I was happy to be seeing Roméo et Juliette for my first opera. Even though there are subtitles so you can follow along if you’re not fluent in French, already being familiar with the story helped a lot. It meant I could glance at the subtitles when I needed/wanted to, but could easily follow the story even without looking at them. The show itself was incredible. Every aspect of the production was clearly first rate. The costumes were exquisite. There were leather duster coats for Mercutio, Tybalt and Romeo that flared dramatically, a flowing diaphanous nightgown for Juliet that always looked like it was about to fall off but never did and ensemble members in jewel tone suits and extravagant gowns with whimsical ruffles and hats. The set was astounding, a floor to ceiling exterior palace set with balconies and windows and doorways everywhere that were used beautifully and a simple raised dais center stage that became everything from an outdoor market to a bed on the lovers’ wedding night to the mausoleum where they meet their tragic fate.

And the performances…were astounding. Like I said, I’m not a classical music person and this opera experience didn’t change that for me, but you don’t have to be a classical music lover to appreciate the incredible amount of skill and control it takes to sing opera. Those people, (in particular the two title leads) sang their faces off for almost three hours. All while running around the stage, climbing balconies, sword fighting and doing a lot of hardcore kissing. The two leads of Romeo and Juliet had great chemistry together and were really able to believably pull off playing two impetuous, reckless, lovesick teenagers.

Let’s talk about opera curtain calls! Because I am used to musical theatre curtain calls, this came as a hilarious surprise to me. First of all, people really do actually call out “Bravo!” and “Brava!” Not just at the end of the show but after any particularly good aria. So, that was fun. Now, if you were to go see a Broadway show, at the end, traditionally, the stage goes dark briefly while the actors who were last on stage clear off and then the curtain call begins with the chorus members, followed by the smaller roles and culminating with the leads taking their bows. Then they will generally do a group bow, gesture to the orchestra to give them their due credit, do another group bow or two and that’s it. It takes a few minutes, maybe a little more if you happened to see a truly spectacular show. For instance, I was lucky enough to see Hamilton: An American Musical in Chicago and it was amazing and the audience was on its feet during the curtain calls and it still didn’t go over 5 minutes.

But at the opera, curtain calls go on forever! And they start with the leads taking their bows. The two leads never left the stage after their final death scene, they just got up and took their bows. Romeo swept Juliet up in his arms and carried her around the stage, a bit of campy silliness that delighted the audience. (Although he almost tripped on the train of her long dress and that could have spelled disaster.) They bowed for a couple minutes and I was beginning to think that in opera no one else gets to take a bow, but then they left the stage and the performers in the supporting roles came out to take their bows. At this point I learned that people really do throw roses at the stage! But you have to aim carefully and have a strong arm, or you’ll just hit some poor orchestra member in the head and your flowers won’t make it to the stage. The supporting players took their bows, then the two leads came out again and took more bows, collected more flowers tossed to the stage. Then there was a group bow. Then they brought out the person I assume was either the director or the conductor and then there was another group bow with him. Then they brought out four people in suits who were….I have no idea! But we applauded them anyway! Then there was a group bow with them! Then several more group bows! And then finally, it was done and they left the stage. The ensemble never got to come out to take a bow! That seemed unfair, considering the time everyone else got, but there you go.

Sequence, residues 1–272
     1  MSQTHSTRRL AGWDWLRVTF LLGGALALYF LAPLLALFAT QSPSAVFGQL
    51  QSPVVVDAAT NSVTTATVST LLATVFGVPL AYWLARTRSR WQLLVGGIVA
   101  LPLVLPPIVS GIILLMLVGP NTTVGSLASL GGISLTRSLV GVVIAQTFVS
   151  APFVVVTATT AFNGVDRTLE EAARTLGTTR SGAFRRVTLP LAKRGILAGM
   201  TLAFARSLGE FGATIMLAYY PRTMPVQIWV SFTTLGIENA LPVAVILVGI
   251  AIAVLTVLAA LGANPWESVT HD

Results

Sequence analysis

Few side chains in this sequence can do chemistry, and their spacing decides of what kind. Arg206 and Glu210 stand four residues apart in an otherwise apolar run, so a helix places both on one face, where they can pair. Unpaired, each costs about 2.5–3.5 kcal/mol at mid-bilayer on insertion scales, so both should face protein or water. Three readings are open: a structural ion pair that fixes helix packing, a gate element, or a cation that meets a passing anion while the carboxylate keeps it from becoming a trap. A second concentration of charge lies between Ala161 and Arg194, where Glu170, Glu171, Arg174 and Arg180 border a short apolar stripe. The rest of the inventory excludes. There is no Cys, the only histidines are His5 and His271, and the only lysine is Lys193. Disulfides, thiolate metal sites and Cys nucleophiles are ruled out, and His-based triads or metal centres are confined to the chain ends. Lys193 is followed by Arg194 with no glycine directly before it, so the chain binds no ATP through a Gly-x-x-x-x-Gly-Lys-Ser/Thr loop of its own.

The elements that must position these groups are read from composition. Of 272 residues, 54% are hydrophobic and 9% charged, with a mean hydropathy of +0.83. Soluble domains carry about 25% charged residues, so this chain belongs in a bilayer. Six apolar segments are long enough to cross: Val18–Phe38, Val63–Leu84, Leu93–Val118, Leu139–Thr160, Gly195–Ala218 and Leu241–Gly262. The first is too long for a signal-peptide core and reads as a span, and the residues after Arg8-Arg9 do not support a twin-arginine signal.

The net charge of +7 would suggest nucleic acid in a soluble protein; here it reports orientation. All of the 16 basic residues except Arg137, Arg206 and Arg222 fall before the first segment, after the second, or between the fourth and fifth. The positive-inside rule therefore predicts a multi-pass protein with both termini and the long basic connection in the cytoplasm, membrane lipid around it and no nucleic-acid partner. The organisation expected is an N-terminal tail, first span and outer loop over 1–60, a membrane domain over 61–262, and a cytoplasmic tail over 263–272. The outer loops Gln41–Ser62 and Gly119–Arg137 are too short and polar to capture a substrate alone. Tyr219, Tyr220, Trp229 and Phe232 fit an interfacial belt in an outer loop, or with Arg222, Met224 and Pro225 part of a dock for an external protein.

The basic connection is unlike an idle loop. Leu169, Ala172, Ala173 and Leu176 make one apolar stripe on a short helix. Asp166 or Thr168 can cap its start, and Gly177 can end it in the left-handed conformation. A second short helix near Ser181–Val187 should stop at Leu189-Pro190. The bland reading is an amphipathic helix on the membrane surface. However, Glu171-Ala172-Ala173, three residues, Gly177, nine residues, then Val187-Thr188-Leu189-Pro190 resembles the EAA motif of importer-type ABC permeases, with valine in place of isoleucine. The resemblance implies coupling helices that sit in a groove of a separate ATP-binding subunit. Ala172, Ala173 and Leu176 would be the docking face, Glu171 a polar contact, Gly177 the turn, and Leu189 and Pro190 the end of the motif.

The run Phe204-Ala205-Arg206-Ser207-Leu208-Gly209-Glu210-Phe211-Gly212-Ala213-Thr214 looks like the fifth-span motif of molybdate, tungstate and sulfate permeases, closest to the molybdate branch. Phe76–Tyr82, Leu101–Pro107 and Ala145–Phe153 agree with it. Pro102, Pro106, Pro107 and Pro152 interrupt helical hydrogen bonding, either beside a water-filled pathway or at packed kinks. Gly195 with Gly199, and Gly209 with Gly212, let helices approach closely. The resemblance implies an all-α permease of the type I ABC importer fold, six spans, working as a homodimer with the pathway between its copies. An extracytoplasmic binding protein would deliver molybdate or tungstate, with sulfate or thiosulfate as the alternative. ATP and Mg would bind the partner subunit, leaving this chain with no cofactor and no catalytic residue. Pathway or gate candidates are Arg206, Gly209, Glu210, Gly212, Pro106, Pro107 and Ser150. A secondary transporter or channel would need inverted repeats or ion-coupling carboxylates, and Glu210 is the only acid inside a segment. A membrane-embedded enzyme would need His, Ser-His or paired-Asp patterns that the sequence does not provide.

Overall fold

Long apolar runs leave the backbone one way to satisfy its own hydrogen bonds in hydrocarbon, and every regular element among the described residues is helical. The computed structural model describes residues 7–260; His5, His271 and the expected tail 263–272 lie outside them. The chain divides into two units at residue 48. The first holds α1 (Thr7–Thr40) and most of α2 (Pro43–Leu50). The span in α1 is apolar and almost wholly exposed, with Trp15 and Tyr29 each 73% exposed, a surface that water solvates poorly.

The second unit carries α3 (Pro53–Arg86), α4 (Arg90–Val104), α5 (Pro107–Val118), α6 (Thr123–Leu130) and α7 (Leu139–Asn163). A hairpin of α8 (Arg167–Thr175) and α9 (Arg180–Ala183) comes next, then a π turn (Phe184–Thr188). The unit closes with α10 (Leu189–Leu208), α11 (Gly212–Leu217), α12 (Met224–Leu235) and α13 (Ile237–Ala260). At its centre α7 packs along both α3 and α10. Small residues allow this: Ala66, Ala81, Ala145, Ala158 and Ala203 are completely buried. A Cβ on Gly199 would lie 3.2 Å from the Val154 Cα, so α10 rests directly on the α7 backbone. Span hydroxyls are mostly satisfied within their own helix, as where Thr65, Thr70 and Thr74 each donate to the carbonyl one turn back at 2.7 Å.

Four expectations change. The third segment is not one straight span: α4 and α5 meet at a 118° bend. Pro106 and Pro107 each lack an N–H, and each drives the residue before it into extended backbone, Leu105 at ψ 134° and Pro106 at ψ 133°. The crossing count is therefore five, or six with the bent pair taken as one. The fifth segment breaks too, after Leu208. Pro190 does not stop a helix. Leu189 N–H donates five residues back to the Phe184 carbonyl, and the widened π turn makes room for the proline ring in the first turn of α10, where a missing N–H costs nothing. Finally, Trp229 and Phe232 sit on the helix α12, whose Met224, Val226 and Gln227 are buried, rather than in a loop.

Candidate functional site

I got on the train back to Baltimore that evening, scanning FB, looking at pictures from all the marches around the country and the world. I had seen beautiful art and people all over the world were marching against tyranny and fear. That’s not a bad day.




Author: yearofnewthings

Just a girl trying to keep a New Year's resolution.

9 thoughts on “Week Three: Indian Food and the Opera!”

  1. I think you’ll find the curtain calls for operas (and ballets) vary a lot by company. The roses and “brava!” are for real at any opera. But many companies bring out the whole ensemble, and many don’t start with the principals.


  2. They do go on forever, but they were hamming it up just a bit for the cameras. I haven’t seen flowers that often, so I’m not sure if either someone was celebrating something or because it was one of the shows broadcast to movie theaters around the world. They were definitely hamming it up a bit, lol. Apparently the camera pans over where we were sitting sometimes so Bea and I made sure we were decent…

    It was so exciting to meet you in person finally!


    1. I had forgotten about the simulcast! Next time you go and it’s not simulcast, take note on the curtain call shenanigans! I have a feeling they’re still overly long! I went to see a show yesterday and it was amazing, standing ovation at the end…still didn’t last longer than 5 minutes. LOL


  3. This was probably one of the best acting performances I’ve ever seen there. Juliet was buoyant and light, really incredible in conveying a young girl without overdoing it. She had fantastic charisma with Romeo.

    Opera isn’t exactly my ‘thing’, either, but as you said – the spectacle and performance quality transcends whether or not you would listen to opera on your own time.

    I had never been down there before, so it was a first time for me, too. How on Earth did my dad (mostly) know where we were going…?


  4. Ballets have long curtain calls too, with people yelling “bravo” and “Brava”. And if the ballet is a series of mini performances, there is a curtain call after each one. The curtains close, then the one or two principal dancers come through the opening and taken a million bows. Roses are usually brought to the prima ballerina, who often takes one out and gives it to her partner. At the very end of all the performances or the one long show, everyone gets a bow, with the principals leading the way, again with flowers. Then the conductor comes on stage for a bow, and on and on. All of it could last 10-15 minutes! We recently saw Misty Copeland in Swan Lake and the curtain call went on forever!!